Great Barrier Reef bleaching kills millions of marine animals

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While diving in Thailand in 2010, Mark Eakin, a NOAA scientist, saw clownfish behaving in strange ways – and for very concerning reason.

Clownfish live in sea anemones – jellyfish-like polyps with poisonous tentacles – primarily for safety reasons. But the clown fish he had seen had stopped doing that.

“Instead of rushing into their anemone for safety’s sake, the anemonefish would go to nearby bleached corals because something was wrong with their anemones,” Eakin told The Dodo. “They no longer saw it as a safe house.”

The anemonefish changed their behavior immediately after massive coral bleaching occurred in the area. Coral bleaching occurs when the sea temperature rises and the corals expel the algae living inside their tissues, making them white.

This sort of thing is happening all over the world, and now it’s hitting the Great Barrier Reef in Australia, the largest coral reef system in the world. And that’s bad news for the marine animals that depend on the reef.

Aerial view of bleached coral on the Great Barrier Reef | Arc Center of Excellence

In 2016, 67% of the northern Great Barrier Reef region died. This year, more bleaching has occurred, although scientists are still determining how serious it is. Unfortunately, some fear the worst.

“The severity of the 2016 bleaching was out of this world,” said Terry Hughes, director of the ARC Center of Excellence for Coral Reef Studies, in a statement. “This was the third major bleaching to affect the Great Barrier Reef, following previous heat waves in 1998 and 2002. Now we are preparing to look at potential number four.”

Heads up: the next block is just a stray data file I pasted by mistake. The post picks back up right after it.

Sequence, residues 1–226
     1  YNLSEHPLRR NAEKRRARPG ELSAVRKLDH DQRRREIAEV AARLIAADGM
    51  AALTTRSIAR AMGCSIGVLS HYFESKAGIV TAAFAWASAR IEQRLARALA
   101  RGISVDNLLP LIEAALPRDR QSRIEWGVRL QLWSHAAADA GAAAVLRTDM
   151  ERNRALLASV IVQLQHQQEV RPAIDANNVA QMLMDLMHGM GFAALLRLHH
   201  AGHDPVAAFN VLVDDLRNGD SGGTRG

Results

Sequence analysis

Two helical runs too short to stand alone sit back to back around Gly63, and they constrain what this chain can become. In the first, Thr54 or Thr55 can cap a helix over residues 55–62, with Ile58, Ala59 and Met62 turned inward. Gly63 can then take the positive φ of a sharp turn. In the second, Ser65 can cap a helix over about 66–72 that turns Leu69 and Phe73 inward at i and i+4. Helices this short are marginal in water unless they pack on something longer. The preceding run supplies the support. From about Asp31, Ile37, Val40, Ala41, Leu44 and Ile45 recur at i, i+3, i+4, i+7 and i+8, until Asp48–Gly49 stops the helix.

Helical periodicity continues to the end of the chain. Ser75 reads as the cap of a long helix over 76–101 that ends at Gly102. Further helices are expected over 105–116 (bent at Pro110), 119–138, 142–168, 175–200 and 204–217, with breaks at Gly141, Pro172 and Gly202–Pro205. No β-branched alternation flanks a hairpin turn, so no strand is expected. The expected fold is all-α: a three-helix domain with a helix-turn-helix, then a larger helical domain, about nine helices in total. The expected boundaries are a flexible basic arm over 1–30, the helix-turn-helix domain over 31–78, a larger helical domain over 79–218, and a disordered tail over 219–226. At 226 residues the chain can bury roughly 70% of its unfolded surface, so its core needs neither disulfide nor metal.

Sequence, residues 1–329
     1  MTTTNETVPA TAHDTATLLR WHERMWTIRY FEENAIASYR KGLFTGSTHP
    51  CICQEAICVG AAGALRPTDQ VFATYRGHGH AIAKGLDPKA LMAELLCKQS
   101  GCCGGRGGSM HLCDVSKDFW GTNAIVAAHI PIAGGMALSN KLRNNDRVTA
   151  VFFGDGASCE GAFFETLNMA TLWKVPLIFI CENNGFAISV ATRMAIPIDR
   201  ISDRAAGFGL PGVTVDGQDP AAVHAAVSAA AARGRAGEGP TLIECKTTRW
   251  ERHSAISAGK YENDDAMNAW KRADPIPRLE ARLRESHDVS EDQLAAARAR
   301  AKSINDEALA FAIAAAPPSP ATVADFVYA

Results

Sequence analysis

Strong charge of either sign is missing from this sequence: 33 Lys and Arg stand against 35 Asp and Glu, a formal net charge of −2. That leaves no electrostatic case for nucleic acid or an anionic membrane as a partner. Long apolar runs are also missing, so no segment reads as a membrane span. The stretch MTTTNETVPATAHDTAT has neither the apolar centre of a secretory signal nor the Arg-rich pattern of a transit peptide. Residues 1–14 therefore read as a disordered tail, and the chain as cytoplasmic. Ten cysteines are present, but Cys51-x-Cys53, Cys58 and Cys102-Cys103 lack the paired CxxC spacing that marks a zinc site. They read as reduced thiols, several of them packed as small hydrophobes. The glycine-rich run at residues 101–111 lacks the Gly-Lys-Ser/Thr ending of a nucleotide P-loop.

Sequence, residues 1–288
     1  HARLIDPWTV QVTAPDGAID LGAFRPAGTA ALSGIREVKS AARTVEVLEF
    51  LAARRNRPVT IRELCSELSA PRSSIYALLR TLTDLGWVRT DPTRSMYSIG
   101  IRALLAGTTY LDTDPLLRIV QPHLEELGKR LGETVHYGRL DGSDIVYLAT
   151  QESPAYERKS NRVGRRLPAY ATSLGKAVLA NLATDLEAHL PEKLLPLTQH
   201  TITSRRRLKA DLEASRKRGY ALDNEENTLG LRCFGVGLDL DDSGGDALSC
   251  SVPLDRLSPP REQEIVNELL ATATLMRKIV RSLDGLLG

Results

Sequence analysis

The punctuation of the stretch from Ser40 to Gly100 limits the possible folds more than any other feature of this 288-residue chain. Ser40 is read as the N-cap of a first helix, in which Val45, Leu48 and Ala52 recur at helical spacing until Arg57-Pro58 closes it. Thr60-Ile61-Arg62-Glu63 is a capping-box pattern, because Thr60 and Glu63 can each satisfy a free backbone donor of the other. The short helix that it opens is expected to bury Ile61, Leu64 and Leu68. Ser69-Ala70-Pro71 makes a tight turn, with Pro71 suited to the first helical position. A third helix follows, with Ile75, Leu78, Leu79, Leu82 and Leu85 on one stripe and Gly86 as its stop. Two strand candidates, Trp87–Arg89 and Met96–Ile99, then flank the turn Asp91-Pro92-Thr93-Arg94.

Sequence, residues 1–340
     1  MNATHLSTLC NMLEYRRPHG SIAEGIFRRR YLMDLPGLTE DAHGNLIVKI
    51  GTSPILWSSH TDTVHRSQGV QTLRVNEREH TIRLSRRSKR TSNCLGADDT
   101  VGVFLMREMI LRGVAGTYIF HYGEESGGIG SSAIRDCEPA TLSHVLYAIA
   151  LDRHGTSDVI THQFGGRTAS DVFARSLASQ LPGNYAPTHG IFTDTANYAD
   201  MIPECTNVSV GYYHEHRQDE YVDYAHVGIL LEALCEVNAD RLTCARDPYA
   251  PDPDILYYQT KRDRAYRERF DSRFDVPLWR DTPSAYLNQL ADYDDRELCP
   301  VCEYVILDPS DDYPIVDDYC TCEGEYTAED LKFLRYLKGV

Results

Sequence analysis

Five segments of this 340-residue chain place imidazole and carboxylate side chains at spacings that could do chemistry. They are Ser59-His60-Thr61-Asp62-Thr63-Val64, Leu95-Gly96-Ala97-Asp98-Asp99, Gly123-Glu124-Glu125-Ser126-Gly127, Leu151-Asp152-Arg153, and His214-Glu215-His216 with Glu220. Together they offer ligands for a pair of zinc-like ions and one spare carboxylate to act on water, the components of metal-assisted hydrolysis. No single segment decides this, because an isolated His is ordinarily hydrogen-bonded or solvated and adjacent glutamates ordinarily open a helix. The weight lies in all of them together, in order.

Bleached coral on the Great Barrier Reef in Australia
Bleached and dead coral on the Great Barrier Reef | Arc Center of Excellence

When coral reef systems die, animals lose their homes. Not just a few animals – millions of them.

Bleached coral on the Great Barrier Reef in Australia
A fish swimming next to dead, bleached coral | Arc Center of Excellence

“You are losing countless different species – small organisms, vertebrates and reefs,” Eakin said. “And of course the fish communities are affected. They just left.”

Bleached coral on the Great Barrier Reef in Australia
A scuba diver surveys damaged corals on the Great Barrier Reef | Arc Center of Excellence

Where exactly are they going?

Bleached coral on the Great Barrier Reef in Australia
Arc Center of Excellence

“That’s a really good question,” Eakin said. “Some of them die… of starvation or predation. They stop behaving as they normally do, and they are more susceptible to predators.”

Bleached coral on the Great Barrier Reef in Australia
Arc Center of Excellence

Other animals may try to move elsewhere, but this is not always the best option.

“When the reef dies and becomes covered with algae, they leave and move elsewhere to other habitats nearby,” Eakin said. “But they won’t do as well and could be subject to more predation.”

Bleached coral on the Great Barrier Reef in Australia
A fish swimming next to dead, bleached coral | Arc Center of Excellence

The problem of coral bleaching may seem impossible to solve, but there are things we can do. To help marine animals keep their coral reef homes, you can donate to the Great Barrier Reef Foundation.


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